A sad ending
Many years ago so long ago in fact that not sure exactly what year it was during the annual JPM Healthcare Conference we sat down with a company which had an interesting concept, deliver exenatide via an implantable pump. Listen this was so long ago we’re not even sure if exenatide had been approved by the FDA yet. We listened intently as we were and still are big believers in GLP-1 therapy. What made this concept so intriguing was not the drug being delivered but how it was being delivered.
Whether the so-called experts want to acknowledge it or not any physician will tell you the biggest obstacle to achieving better patient outcomes is therapy compliance/adherence or whatever the current PC term is. As one primary care physician back then said “if these patients would just take their damn pills/shots whatever we’d all be better off.”
With this device compliance/adherence would be a non-issue as once implanted it would deliver exenatide on a continuous basis for six months. Given how exenatide works there would be no fears of hypoglycemia, control would be excellent and there is the added benefit of weight loss. Yet what made us do the happy dance was the simple fact that once implanted the patient did NOTHING, no glucose monitoring, no daily shots, no taking pills zilch nada nothing. It was almost the perfect solution to the biggest problem facing diabetes management, therapy compliance/adherence.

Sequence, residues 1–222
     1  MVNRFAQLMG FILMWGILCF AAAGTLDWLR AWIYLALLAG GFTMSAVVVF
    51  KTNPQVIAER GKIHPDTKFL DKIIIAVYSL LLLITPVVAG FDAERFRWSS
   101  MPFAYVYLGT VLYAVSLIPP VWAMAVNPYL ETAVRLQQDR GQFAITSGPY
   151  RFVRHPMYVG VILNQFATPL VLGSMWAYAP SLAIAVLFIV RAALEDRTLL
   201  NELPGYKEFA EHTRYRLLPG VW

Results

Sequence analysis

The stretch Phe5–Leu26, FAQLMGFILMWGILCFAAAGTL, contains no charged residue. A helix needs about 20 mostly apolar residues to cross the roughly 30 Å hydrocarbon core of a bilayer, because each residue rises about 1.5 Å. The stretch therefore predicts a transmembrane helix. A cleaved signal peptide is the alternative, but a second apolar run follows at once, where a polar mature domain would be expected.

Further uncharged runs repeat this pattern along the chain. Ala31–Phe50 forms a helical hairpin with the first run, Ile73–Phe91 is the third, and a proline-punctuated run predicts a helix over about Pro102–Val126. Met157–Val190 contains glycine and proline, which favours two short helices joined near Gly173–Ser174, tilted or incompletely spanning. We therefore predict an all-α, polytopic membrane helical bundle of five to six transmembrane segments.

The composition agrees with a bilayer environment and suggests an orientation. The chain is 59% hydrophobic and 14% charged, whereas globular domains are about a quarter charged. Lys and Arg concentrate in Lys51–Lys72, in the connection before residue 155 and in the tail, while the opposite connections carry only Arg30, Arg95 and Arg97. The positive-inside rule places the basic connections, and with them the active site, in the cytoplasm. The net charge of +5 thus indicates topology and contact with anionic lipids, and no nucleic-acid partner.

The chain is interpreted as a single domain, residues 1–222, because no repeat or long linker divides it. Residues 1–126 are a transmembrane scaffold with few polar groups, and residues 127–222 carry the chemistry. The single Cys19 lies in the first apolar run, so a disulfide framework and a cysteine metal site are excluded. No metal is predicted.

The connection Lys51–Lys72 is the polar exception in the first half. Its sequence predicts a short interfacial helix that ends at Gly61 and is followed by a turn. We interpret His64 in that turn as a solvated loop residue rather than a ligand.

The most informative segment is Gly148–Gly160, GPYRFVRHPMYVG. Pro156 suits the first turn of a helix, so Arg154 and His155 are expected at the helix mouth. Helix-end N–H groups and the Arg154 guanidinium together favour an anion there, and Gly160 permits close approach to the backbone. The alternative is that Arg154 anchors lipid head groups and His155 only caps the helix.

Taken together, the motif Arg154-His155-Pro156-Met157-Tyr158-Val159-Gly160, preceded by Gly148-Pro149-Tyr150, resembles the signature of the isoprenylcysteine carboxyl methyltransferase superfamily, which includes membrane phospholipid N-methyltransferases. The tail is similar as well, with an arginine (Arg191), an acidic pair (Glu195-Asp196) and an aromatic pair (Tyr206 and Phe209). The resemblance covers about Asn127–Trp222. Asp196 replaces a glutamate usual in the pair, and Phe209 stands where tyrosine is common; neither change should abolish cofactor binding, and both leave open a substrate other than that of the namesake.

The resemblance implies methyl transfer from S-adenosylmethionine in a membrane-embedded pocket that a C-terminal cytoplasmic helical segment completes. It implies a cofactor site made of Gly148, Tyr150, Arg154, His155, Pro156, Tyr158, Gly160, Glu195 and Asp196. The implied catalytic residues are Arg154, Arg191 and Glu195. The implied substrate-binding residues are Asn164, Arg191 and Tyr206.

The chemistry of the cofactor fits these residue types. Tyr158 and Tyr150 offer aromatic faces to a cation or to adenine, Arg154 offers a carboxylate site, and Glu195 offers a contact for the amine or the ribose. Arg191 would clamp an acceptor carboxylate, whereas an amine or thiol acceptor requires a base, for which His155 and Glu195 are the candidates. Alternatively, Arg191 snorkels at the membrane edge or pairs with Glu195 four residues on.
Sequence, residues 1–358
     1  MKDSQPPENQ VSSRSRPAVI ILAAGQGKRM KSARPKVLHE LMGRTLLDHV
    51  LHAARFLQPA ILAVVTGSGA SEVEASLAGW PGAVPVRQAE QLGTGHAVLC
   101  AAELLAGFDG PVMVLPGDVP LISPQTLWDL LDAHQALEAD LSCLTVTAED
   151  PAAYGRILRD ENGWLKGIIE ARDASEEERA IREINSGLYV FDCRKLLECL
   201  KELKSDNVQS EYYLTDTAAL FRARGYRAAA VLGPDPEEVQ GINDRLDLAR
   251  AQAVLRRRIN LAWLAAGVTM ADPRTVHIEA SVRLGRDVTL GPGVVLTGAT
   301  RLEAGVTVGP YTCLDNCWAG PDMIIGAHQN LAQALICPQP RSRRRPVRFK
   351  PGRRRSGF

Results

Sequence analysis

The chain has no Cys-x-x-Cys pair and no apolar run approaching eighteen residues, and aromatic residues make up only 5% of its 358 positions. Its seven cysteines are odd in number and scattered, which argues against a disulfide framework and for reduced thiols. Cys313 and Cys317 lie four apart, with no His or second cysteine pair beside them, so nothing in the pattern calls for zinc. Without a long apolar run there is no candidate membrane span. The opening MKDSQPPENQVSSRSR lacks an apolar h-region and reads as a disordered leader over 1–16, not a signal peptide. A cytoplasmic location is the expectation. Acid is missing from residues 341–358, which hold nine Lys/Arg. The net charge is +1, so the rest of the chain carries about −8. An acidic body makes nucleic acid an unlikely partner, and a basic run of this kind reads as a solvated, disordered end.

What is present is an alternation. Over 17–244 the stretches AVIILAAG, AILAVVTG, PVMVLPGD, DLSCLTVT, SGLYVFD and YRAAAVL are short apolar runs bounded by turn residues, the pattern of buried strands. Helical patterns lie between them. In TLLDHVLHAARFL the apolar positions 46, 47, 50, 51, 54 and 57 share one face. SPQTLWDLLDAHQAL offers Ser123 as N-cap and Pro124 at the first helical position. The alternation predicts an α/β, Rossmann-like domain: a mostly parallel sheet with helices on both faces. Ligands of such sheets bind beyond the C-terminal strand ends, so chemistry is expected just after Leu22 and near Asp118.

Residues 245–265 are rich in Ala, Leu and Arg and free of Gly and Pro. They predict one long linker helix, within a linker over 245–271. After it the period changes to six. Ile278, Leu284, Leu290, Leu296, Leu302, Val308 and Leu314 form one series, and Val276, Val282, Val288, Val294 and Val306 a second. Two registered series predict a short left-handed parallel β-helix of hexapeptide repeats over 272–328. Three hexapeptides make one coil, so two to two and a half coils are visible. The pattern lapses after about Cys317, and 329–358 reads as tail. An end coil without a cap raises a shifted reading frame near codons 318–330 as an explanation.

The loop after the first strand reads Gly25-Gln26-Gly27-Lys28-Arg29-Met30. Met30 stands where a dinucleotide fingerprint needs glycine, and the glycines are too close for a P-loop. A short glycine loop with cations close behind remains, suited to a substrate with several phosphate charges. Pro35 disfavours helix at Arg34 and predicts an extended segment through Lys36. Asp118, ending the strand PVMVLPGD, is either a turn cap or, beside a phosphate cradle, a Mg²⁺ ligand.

Back then there were still many obstacles to overcome, developing an insertion device that was patient friendly was just one. Still we were impressed but left this meeting with some free advice for these upstarts. Advice we received from another diabetes device executive who has since moved on from diabetes. He stated the three most important aspects for running a diabetes device where the following;
1. Can you make it?
2. Can you support it?
3. And most importantly can you get paid for?
Now for most companies aspect number 3 was the most difficult step. Making it while never easy almost seemed an afterthought as there are many very smart people out there who specialize in manufacturing processes. Support also seemed a low bar as this could be outsourced if need be and again there are plenty of options. However getting it paid for navigating the payor maze was and continues to be one big hassle.
Yet with this company as they developed over the years seemed to be in tune with each step. They brought in some solid management talent, raised a boatload of money and appeared to be headed for stardom. Each year at JPM their sessions had a bigger audience as investors began eagerly anticipating an IPO. This excitement reached a fevers pitch when at long last the company submitted their device to the FDA.
While we didn’t believe approval would be a slam dunk we were very optimistic. The data looked great, they had come up with a slick insertion device and they understood how to get it paid for. The company itself was confident and began building a sales team. All the stars seemed to be aligned which in diabetes is typically when the bottom falls out., which unfortunately is exactly what happened.